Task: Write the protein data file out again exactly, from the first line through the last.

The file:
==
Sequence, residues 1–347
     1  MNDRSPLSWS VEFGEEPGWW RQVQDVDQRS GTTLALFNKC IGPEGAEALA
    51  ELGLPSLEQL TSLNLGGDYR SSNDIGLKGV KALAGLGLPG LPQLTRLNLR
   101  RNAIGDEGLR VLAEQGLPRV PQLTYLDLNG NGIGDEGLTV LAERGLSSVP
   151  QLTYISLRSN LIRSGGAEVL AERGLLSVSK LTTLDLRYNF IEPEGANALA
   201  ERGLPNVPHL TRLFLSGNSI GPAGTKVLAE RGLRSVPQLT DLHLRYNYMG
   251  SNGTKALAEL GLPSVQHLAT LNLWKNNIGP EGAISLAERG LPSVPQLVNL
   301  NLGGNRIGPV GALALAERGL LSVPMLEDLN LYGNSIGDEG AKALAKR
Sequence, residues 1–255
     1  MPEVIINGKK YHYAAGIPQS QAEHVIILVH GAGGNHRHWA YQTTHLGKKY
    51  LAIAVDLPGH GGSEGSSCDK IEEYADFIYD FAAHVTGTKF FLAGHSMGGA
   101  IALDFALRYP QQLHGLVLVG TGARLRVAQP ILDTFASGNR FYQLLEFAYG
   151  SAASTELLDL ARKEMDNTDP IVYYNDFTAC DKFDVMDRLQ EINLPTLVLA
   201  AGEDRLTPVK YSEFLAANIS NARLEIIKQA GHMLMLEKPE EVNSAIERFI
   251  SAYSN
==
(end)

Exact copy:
Sequence, residues 1–347
     1  MNDRSPLSWS VEFGEEPGWW RQVQDVDQRS GTTLALFNKC IGPEGAEALA
    51  ELGLPSLEQL TSLNLGGDYR SSNDIGLKGV KALAGLGLPG LPQLTRLNLR
   101  RNAIGDEGLR VLAEQGLPRV PQLTYLDLNG NGIGDEGLTV LAERGLSSVP
   151  QLTYISLRSN LIRSGGAEVL AERGLLSVSK LTTLDLRYNF IEPEGANALA
   201  ERGLPNVPHL TRLFLSGNSI GPAGTKVLAE RGLRSVPQLT DLHLRYNYMG
   251  SNGTKALAEL GLPSVQHLAT LNLWKNNIGP EGAISLAERG LPSVPQLVNL
   301  NLGGNRIGPV GALALAERGL LSVPMLEDLN LYGNSIGDEG AKALAKR
Sequence, residues 1–255
     1  MPEVIINGKK YHYAAGIPQS QAEHVIILVH GAGGNHRHWA YQTTHLGKKY
    51  LAIAVDLPGH GGSEGSSCDK IEEYADFIYD FAAHVTGTKF FLAGHSMGGA
   101  IALDFALRYP QQLHGLVLVG TGARLRVAQP ILDTFASGNR FYQLLEFAYG
   151  SAASTELLDL ARKEMDNTDP IVYYNDFTAC DKFDVMDRLQ EINLPTLVLA
   201  AGEDRLTPVK YSEFLAANIS NARLEIIKQA GHMLMLEKPE EVNSAIERFI
   251  SAYSN